Wednesday, September 7, 2011

FreeEed used to process the complete Enron data

From the beginning
To the end
Enron data set is publicly available. In particular, EDRM provides this data in a convenient format. The data set was processed with FreeEed, and the results were made available for reference and for feedback. Each PST produced a (1) zip archive, containing native files, complete text from the each email with all attachments, and exceptions, if any; (2) a CSV file with the metadata, and (3) a short summary report.

Some interesting statistics, which will tell the users what to expect. Using the high-CPU EC2 machine, each Gigabyte took on the average one hour to process. The cost of processing was below $1 per Gig. The processing was done on one machine and took about 2 days. The time could have been shortened to under 4 hours by using 25-50 machines, but at this time we were interested in watching the process and on debugging it, not in the optimization.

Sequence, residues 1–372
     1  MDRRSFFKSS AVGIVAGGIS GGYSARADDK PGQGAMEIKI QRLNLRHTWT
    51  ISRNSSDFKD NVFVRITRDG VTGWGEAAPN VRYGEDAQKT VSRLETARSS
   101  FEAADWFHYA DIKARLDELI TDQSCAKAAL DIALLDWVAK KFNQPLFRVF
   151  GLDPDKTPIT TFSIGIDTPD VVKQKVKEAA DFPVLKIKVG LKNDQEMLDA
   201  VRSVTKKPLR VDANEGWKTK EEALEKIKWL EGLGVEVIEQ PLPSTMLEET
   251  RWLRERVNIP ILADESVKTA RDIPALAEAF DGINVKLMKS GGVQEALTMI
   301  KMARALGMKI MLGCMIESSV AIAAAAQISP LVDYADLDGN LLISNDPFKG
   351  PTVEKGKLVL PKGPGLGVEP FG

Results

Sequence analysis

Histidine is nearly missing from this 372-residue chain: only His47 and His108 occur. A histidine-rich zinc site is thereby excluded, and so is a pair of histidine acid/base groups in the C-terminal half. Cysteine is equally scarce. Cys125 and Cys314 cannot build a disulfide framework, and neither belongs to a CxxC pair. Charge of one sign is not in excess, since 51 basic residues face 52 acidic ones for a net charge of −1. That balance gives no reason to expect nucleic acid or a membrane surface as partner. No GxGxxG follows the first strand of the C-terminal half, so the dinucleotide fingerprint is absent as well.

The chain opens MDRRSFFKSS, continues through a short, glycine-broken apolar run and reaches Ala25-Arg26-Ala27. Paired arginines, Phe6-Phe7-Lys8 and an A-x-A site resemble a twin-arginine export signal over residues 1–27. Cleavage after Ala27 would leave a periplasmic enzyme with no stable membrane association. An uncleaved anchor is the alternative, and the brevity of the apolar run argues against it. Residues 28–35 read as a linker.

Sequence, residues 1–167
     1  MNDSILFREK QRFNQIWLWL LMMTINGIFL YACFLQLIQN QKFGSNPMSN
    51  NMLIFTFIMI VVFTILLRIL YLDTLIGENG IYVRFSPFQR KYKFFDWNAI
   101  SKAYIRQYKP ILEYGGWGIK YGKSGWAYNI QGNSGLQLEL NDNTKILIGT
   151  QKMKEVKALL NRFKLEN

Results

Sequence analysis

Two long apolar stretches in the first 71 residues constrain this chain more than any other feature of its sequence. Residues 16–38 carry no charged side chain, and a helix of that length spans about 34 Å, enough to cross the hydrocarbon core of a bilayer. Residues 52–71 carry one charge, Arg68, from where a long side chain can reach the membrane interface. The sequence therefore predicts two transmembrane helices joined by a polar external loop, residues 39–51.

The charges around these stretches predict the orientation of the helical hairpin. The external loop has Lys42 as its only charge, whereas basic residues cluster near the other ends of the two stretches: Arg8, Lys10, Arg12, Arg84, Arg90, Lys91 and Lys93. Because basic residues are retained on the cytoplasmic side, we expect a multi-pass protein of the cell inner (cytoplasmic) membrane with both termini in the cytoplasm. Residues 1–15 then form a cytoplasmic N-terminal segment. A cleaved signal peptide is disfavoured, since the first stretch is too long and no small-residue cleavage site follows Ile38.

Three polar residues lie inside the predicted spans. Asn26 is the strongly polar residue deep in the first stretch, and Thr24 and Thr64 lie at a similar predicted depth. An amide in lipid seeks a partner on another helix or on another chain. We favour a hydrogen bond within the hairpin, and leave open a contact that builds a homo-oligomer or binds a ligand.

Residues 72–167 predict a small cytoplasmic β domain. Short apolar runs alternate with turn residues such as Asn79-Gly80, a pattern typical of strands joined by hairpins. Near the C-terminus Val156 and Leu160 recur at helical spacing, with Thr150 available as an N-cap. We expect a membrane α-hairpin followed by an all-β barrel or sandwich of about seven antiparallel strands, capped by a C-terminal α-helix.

While processing was going on, we were also fixing the bugs observed, mainly in the Tika parsers, and the Tika team fixed some bugs with a turn-around time of under one day. There is more work to do and more re-processing in sight, but the main take away: FreeEed is mature and stable and can be relied upon for processing. Now is the time to take it to the next level, by creating the Windows/Mac/Linux thin client and using Amazon EC2 for processing, which will make eDiscovery processing easily available for a non-geek user.

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